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Old 01-29-2008, 11:32 AM   #21
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Thanks for the link and suggestion on the book, guys. I've been using Designing Great Beers as a starting point; I've sen Brewing Classic Styles mentioned but wasn't sure if it would add much info. I'll pick it up.

Rick


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Old 01-29-2008, 11:43 AM   #22
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Designing Great Beers has a very informative section on Mild Ale. For that matter, you could try Mild Ale, by Dave Sutula, for a more in-depth analysis.

Mild is one of my favourite styles to brew and drink. I have two house beers always available - Mild and Bitter. Read Daniels for a relatively exhaustive breakdown of grists for Mild. In the meantime, my much-tweaked recipe can be found in the "Recipes" drop-down under my username. I find the flavour exactly what I desire - complex in its roasty-malt character, with just enough bitterness to offset it. Definitely "more-ish". The malt bill is altogether too complex, but it seems to work.

Cheers,

Bob


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Old 01-29-2008, 01:07 PM   #23
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Quote:
Originally Posted by barnettcb
orfy,
Can you suggest a comparable White Labs or Wyeast yeast that I can pick up at my LHBS?

I am looking forward to brewing this
For milds and malty bitters I've had really good luck with Wyeast 1968 London ESB and Wyeast 1099 Whitbread Ale. Both add to a malty body with just a little residual sweetness. For a dryer Mild, you might try 1028 London Ale. Also very good stuff.

Of course, Nottingham is inexpensive and a no-brainer for this style. I'd be very surprised if your LHBS didn't have it.

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Old 01-29-2008, 01:47 PM   #24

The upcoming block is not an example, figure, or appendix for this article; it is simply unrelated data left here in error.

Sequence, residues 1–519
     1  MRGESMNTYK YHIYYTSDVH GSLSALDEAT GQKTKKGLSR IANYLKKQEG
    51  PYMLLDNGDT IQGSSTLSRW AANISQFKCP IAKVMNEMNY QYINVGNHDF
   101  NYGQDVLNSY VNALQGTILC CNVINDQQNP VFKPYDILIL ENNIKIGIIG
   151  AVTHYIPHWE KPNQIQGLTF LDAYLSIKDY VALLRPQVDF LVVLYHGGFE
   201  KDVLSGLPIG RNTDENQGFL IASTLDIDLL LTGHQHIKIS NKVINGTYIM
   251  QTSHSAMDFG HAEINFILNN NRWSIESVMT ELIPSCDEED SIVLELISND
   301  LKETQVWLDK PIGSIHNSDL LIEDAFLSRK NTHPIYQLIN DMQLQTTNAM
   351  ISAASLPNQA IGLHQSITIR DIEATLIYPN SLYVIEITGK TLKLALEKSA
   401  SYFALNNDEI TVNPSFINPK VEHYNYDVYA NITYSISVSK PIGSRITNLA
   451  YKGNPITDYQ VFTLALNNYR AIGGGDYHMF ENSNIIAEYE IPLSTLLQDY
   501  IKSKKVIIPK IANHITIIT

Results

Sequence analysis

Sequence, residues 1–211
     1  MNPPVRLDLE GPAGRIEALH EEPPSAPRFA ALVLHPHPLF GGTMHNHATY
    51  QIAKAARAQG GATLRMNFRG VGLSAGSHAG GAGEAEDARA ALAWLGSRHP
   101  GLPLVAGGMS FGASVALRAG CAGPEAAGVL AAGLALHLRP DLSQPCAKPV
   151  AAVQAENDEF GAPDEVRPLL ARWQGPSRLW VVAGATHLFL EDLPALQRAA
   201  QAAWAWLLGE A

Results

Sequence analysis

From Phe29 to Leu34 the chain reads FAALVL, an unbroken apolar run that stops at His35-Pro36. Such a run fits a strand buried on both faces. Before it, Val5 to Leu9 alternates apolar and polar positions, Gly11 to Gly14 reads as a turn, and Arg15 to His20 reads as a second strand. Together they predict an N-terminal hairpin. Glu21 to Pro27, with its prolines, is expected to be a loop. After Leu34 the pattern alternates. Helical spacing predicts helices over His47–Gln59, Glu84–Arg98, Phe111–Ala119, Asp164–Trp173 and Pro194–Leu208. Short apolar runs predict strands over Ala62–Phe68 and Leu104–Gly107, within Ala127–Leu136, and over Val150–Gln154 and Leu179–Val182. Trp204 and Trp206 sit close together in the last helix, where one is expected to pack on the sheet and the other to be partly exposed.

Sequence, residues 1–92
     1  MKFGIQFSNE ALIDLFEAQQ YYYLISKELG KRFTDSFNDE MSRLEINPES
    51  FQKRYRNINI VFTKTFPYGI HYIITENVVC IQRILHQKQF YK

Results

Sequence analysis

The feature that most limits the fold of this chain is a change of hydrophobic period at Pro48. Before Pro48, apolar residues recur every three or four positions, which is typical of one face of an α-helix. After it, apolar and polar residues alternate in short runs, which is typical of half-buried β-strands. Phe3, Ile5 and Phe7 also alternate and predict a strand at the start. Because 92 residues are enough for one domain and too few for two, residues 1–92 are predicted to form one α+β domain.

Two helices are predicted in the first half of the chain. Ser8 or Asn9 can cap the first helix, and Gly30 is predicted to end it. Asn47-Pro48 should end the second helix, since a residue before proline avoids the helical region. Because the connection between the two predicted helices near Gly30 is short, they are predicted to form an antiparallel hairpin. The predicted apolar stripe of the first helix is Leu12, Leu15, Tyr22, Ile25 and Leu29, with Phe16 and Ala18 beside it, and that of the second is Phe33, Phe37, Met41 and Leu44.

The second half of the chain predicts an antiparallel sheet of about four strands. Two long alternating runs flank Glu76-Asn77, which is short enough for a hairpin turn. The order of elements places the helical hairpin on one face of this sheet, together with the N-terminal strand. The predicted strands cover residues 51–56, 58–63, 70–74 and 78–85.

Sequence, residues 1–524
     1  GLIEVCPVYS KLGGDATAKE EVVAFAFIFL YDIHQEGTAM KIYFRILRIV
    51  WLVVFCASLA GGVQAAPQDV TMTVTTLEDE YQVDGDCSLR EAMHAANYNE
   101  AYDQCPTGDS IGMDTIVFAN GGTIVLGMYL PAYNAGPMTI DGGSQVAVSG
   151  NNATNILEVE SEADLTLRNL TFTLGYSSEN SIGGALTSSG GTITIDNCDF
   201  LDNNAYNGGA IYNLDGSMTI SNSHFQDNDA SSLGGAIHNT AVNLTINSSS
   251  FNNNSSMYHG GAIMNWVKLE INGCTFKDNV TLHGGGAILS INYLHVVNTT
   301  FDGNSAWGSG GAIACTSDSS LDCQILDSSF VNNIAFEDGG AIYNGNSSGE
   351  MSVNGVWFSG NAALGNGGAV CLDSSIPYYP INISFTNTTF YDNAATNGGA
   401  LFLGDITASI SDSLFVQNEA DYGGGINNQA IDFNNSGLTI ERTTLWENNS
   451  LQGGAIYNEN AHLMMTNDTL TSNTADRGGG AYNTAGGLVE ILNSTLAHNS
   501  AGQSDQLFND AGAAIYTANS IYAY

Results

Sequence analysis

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I brewed Jamil's Dark Mild and it was a really enjoyable beer. The great thing about these beers is you can throw down a couple of pints and still be sober. Think of it as a slightly lighter brown ale.
WLP002 English Ale or Wyeast 1968 ESB yeast are excellent for this style. They leave the beer with a little more body than the dryer english yeasts like Nottingham and clear quickly. Also this beer can be ready to drink much quicker than most styles.
Enjoy.
Craig
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Old 01-29-2008, 02:01 PM   #25
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I'd be cautious of trying to go dry on a mild. They are very low ABV and need the help from a less fermentable wort and the relating lower attenuation.
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Old 01-29-2008, 06:31 PM   #26
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Ok, so for liquid yeast, looks like Wyeast 1968 ESB is the way to go...
My LHBS does carry Danstar dry yeast, so the Nottingham is certainly an option.

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Old 01-29-2008, 06:54 PM   #27
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Hey - good thread. I like milds.

I prefer Danstar Windsor for a mild, due to the more fruity character, and attentuation closer to 70%. Nottingham is closer to 78-82% for me, usually.

Orfy, If I am reading your recipe correct, I see a 70 degree mash temp, which would be 158 degrees F. Maybe this is why Nottingham attenuates more reasonably in your recipe?
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Old 01-29-2008, 09:21 PM   #28
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Yes, that's why I mash high.
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Old 01-29-2008, 09:29 PM   #29
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I just did Jamil's Mild on Sunday. Came in a bit higher (1.039) but smelled fantastic.


Batch Size: 11.00 gal
Boil Size: 13.69 gal
Estimated OG: 1.035 SG
Estimated Color: 23.0 SRM
Estimated IBU: 15.7 IBU
Brewhouse Efficiency: 72.0 %
Boil Time: 70 Minutes

Ingredients:
------------
Amount Item Type % or IBU
11.00 lb Pale Malt, Maris Otter (3.0 SRM) Grain 75.9 %
1.50 lb Caramel/Crystal Malt - 60L (60.0 SRM) Grain 10.3 %
1.00 lb Caramel/Crystal Malt -120L (120.0 SRM) Grain 6.9 %
1.00 lb Pale Chocolate Malt (200.0 SRM) Grain 6.9 %
1.50 oz Goldings, East Kent [5.50%] (60 min) Hops 15.7 IBU
2 Pkgs SafAle English Ale (DCL Yeast #S-04) Yeast-Ale


[edit] I added 1/2 pound of Carapils too. I add it to all my beers for body.

Mashed at 156 for 90 minutes.

I also FWH'd the EKG.

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Old 01-29-2008, 09:31 PM   #30
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Quote:
Originally Posted by BierMuncher
I just did Jamil's Mild on Sunday. Came in a bit higher (1.039) but smelled fantastic...
That looks pretty tasty, I wish I could find some crystal 120L locally. It's nice to see he brews the odd beer without pale chocolate too - which I also can't get.


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